Wednesday, October 29, 2014

Announcing 4 Star Stories Issue 13

Whether you are a newcomer or an old friend, you will find something in this issue of 4 Star Stories to interest and entertain. Join us at 4StarStories.com.

First up is a new twist on the classic boy-meets-dragon story by Edward Ahern − Care and Feeding.

A contemporary tale of “girl saves Earth”, Speaking Up, from Brynn Macnab takes us into the mind of a little girl who just wants to be left alone.

A talented and prolific author from New Zealand, Sean Monaghan weaves a story that bends the concepts of contemporary theoretical physics in Big Catch.

Finally, expatriate Brit Jez Patterson shows us that not since “Attack of the Killer Tomatoes” has the Earth been as threatened by a lowly fruit as in Squidge.

Our Bonus Story this issue is Operation Rugido Ratón by D H Richards. A tourist in Cuba is more than he seems. The military installation out in the boonies is more than it seems. Did you think the space race ended in the Sixties? Think again!

Our Guest Art for Issue 13 is an Artist Retrospective featuring the work of Jack Coggins, a space and technology illustrator from the 1950’s. Not as well known as Chesley Bonestell, but familiar to those of us who grew up in that time period, Jack Coggins uses light and shadow to dramatic effect in his depictions of space hardware and a trip to the moon.

As always, a timely Editorial from our Editors rounds out the issue, along with useful information from your humble Webmaster.

Come to visit, stay to enjoy... 4 Star Stories.com.

The Editors
4StarStories.com

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The next issue of 4 Star Stories will fearture my short story "The Grove of Curiosities"

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Latest reviews

"It’s possible that you haven’t run into the stories of Lou Antonelli. Since 2003, he’s been publishing delightful short tales of alternate history all over the nooks and crannies of the SF world. Thanks to Fantastic Books, we now have 28 of these little gems in one place. "Many of Antonelli’s stories have an unexpected twist ending. And many of them are what he calls “secret history” stories, which aren’t exactly alternate history—they’re set in our familiar history, but there’s always some element that contemporary observers missed. " -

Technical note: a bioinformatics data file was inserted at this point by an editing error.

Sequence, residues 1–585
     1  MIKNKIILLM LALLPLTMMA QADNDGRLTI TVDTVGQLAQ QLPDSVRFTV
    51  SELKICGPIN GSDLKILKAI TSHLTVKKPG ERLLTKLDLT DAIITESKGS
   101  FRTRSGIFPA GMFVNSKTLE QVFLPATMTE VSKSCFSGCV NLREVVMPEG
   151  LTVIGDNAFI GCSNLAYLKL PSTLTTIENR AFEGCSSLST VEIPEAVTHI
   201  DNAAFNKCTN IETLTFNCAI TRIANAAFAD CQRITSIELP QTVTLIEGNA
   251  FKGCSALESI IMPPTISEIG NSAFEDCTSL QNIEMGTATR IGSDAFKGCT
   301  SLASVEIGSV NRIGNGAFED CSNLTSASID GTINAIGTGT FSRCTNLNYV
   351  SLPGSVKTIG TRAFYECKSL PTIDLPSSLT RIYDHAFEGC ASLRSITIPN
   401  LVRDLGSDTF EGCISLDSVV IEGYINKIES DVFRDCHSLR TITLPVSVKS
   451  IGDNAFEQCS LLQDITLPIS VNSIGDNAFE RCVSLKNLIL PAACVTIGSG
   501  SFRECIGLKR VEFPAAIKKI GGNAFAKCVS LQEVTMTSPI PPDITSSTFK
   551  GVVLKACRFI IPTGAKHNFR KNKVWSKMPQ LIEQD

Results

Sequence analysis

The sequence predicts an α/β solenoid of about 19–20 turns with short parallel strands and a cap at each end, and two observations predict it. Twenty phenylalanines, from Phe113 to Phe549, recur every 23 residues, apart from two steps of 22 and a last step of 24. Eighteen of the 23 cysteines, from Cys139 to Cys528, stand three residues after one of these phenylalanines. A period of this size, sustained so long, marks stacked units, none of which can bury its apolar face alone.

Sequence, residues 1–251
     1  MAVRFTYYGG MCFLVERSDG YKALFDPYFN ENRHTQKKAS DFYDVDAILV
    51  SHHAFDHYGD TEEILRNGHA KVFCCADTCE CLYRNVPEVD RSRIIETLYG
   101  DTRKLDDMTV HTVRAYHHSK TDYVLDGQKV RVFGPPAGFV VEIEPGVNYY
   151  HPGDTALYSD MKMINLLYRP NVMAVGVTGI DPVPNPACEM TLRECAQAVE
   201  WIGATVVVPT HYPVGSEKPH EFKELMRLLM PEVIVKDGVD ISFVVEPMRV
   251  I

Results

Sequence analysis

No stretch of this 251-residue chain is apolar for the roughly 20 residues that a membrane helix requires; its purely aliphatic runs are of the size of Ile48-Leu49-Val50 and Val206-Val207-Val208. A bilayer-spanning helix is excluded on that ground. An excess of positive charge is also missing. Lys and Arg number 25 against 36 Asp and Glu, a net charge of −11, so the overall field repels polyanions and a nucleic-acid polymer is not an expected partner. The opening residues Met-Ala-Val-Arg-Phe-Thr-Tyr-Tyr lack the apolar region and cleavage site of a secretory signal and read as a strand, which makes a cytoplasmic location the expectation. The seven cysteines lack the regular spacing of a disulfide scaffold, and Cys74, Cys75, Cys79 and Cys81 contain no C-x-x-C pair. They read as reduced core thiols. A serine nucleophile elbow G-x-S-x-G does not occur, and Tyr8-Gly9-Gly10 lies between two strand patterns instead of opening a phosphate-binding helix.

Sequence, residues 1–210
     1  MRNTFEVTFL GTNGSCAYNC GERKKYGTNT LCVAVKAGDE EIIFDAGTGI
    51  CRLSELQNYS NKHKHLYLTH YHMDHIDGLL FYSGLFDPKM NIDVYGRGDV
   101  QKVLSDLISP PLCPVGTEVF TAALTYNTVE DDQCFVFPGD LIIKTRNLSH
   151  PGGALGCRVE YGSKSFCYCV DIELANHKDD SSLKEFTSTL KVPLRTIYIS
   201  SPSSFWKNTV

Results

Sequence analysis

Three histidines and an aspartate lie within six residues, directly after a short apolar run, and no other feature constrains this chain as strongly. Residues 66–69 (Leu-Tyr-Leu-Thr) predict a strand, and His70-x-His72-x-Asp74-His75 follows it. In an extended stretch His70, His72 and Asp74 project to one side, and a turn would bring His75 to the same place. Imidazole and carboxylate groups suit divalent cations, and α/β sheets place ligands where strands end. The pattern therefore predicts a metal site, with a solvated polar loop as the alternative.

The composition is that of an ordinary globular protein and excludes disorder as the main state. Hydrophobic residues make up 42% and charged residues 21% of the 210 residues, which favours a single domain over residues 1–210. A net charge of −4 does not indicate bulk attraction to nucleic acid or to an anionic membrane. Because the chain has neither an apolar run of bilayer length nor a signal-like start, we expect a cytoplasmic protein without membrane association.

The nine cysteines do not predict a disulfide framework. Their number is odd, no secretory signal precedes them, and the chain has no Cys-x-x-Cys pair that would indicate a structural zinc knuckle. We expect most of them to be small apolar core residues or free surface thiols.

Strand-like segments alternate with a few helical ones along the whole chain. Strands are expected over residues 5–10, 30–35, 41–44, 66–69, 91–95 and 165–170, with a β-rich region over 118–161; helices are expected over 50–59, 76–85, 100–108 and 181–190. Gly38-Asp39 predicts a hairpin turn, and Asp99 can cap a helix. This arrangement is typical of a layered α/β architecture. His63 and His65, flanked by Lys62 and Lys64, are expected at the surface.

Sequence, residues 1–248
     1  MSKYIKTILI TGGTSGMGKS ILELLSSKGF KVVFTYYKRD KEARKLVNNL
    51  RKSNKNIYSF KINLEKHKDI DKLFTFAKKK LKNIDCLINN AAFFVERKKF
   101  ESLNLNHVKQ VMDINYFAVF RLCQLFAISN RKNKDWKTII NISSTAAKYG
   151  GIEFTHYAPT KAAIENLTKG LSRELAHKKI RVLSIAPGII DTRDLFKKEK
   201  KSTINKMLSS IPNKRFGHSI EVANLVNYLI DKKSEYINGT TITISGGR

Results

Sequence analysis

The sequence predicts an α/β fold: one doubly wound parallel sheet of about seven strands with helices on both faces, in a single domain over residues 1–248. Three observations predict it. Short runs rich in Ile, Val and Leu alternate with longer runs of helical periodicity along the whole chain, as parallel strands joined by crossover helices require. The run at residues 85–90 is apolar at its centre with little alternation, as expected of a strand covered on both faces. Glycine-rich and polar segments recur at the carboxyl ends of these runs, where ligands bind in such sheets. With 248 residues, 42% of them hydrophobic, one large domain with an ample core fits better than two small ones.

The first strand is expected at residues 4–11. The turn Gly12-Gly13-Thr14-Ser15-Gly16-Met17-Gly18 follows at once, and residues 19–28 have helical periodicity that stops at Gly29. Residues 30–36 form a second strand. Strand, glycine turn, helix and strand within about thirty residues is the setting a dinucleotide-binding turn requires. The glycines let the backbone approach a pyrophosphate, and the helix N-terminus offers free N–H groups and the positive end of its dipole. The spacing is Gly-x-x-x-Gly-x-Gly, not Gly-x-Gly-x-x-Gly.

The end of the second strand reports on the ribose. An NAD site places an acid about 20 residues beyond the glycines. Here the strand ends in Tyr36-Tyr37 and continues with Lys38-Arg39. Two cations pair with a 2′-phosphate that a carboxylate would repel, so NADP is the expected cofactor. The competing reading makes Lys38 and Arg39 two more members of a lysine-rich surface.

- Don Sakers, The Reference Library, Analog July-Aug. 2014

A better path develops for a distraught man in “Double Exposure” by Lou Antonelli (debut 6/11 and reviewed by Frank D). Jake is about to end it all. He has been trying to keep his high maintenance wife happy for decades and has needed to embezzle to satisfy her spending habits. Now, on the verge of indictment and abandoned by his spouse, he buys a gun. Before he pulls the trigger, he spies a Kodak one-day photo hut. Curious, he pulls up to the window. They are holding pictures of him and his last girlfriend from 30 years before. The package is a lot thicker than it should be. Double Exposure” is listed as an Alternative History story but I would classify it as a Magical Realism tale. It is set as a second chance tale, a look into a life that should have been. The author is inspired by his memories of the old photo huts (I remember them) and of their disappearance. A cool idea (photos of another life), one that I could imagine would make for a great anthology.

- Frank Dutkiewicz, Diabolical Plots

“Great White Ship”: A traveler stuck waiting for a flight strikes up a conversation with an old airline employee. The Old Timer tells him a story of a Great White Airship that arrives from a most unusual destination. The story of a craft from an alternate reality and how it got there is only the precursor to the final act. This is one of my favorite stories from this site. I have a great passion for lighter-than-air craft and their potential as a future means of transport, which opens the story. The author uses this speculation to launch into an engaging tale. As fascinating as the main story line is, the alternate history premise that accompanies it is just as worthwhile. This story was well written and very well thought out. It is well worth the read. Recommended.

- James Hanzelka, Diabolical Plots

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